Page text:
Thank you very much, Mr. President Bush, great friend of my nation.
PRESIDENT BUSH: Mirdita. (Laughter.) Thank you for having me. Prime Minister, thank you for your hospitality. I thank the President [Moisiu] for his hospitality, as well.
I'm proud to be the first American sitting President to visit Albania. It's a great honor to represent my country here. I've really been looking forward to this trip, and so has my wife, Laura. The reason being is that I love to come to countries that are working hard to establish the institutions necessary for a democracy to survive. I'm particularly pleased to be here in Albania, in a country that has casted off the shackles of a very repressive society and is now showing the world what's possible. And I congratulate the people of Albania, and I thank you for the warm welcome we received on your streets.
We had a very good discussion. I learned a lot about your ct. I learned the fact that this is a country that embraces the markets, is willing to do necessary reforms to make sure that the small business person survives, the entrepreneur is strong, that the tax code is fair. I'm impressed with the desire of the government to fight corruption, to make it clear that the government is of the people, that the government can be trusted by the people, by routing out those who would use their exalted positions to steal from the taxpayers. I appreciate that kind of commitment, Mr. Prime Minister.
I appreciate the fact that Albania is a model of religious tolerance. And I appreciate the fact that Albania is a trusted friend and a strong ally. And this visit today hopefully will send a signal to the people of Albania, you can count on America, just like America can count on you, to do hard work necessary to spread freedom and, therefore, peace.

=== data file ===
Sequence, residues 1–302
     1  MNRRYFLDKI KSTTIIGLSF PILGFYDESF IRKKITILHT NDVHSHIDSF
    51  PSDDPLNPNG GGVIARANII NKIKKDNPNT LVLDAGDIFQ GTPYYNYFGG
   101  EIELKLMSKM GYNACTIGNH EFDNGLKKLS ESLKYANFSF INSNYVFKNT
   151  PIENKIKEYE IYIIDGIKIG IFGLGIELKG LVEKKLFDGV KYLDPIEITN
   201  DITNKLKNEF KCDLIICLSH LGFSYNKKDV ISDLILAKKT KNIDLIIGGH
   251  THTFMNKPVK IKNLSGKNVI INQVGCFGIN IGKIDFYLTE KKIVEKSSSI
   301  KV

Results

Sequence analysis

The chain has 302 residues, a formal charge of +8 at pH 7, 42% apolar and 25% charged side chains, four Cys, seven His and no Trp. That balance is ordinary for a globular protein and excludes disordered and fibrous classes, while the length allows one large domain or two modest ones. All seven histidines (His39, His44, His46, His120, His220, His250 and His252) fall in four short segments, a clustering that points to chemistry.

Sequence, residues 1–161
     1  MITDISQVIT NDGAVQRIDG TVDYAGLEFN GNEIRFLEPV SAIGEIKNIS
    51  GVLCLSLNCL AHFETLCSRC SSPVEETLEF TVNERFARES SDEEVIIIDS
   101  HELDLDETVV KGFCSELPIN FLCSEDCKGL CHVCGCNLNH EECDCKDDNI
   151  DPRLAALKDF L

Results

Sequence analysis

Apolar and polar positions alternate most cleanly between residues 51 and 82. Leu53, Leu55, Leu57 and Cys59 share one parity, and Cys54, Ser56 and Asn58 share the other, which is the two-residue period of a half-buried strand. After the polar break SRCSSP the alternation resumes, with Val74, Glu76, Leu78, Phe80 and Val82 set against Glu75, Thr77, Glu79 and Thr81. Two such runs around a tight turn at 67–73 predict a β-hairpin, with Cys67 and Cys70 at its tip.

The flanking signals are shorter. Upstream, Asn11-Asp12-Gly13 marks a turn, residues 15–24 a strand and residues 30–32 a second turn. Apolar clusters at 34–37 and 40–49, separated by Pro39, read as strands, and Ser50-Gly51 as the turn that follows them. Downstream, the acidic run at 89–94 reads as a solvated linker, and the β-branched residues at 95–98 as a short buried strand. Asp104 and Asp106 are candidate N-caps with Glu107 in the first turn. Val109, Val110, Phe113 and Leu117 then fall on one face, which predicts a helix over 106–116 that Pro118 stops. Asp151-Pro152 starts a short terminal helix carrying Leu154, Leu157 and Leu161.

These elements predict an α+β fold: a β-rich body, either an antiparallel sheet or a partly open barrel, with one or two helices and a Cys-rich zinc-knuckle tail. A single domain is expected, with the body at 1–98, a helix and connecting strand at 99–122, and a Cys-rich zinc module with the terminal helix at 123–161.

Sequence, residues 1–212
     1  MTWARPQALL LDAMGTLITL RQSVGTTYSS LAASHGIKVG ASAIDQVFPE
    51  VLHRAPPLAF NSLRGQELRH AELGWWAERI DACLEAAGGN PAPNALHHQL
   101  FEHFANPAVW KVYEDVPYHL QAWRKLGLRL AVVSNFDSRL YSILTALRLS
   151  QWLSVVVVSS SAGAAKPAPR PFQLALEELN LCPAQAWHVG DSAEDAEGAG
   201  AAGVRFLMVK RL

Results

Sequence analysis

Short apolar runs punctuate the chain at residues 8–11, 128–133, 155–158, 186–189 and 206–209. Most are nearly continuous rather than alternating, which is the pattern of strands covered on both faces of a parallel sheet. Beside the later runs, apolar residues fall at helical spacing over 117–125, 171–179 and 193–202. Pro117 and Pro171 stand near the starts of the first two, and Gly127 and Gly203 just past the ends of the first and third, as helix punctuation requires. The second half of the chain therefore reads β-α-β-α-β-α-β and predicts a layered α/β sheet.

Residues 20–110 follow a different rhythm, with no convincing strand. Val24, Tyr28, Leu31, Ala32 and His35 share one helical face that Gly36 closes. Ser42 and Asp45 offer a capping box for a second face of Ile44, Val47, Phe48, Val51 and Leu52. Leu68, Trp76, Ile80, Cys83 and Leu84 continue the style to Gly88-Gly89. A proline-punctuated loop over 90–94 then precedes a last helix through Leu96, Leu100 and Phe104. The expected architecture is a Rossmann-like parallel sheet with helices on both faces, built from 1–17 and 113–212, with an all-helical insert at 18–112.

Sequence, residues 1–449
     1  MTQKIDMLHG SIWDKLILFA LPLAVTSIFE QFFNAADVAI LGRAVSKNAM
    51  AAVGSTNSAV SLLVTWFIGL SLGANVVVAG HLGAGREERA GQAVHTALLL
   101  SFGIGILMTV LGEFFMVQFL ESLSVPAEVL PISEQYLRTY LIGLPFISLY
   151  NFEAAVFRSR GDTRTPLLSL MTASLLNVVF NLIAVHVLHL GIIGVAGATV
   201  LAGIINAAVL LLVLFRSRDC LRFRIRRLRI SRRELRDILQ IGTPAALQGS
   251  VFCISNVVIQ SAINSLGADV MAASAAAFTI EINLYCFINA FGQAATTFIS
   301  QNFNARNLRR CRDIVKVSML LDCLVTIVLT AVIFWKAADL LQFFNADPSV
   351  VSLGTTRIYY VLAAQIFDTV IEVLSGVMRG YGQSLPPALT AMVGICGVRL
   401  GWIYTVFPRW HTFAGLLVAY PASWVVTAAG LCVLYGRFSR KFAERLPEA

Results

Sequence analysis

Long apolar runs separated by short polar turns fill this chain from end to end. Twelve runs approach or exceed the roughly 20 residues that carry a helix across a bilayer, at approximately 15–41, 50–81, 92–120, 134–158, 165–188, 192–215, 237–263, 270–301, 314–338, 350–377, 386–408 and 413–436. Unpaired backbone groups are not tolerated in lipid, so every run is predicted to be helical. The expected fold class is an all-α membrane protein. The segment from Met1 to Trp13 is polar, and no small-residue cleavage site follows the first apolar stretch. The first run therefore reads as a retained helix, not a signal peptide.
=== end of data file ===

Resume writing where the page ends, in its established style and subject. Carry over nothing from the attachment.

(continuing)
We discussed a lot of issues -- we discussed Iraq and Afghanistan. I thank the Prime Minister and his government for putting troops in harm's way. Albanians know the horror of tyranny. And so they're working to bring the hope of freedom to people who haven't known it. And that's a noble effort, and a sacrifice. And I appreciate your sacrifice.
Albania has 120 of its elite commandos stationed in Iraq. I had the privilege of meeting some of the Albanian soldiers. Here's what I told them: I said, first of all, you are respected by our military. Your soldiers are good at what they do. They're well-trained, they're disciplined, they're courageous. I told them that the United States appreciates their contribution. So do the Iraqi citizens -- and also told them, when they went home, to make sure that they told their wives and their children, thanks on behalf of the United States of America, as well. The families are just as much a part of a soldier's life as the soldier, himself.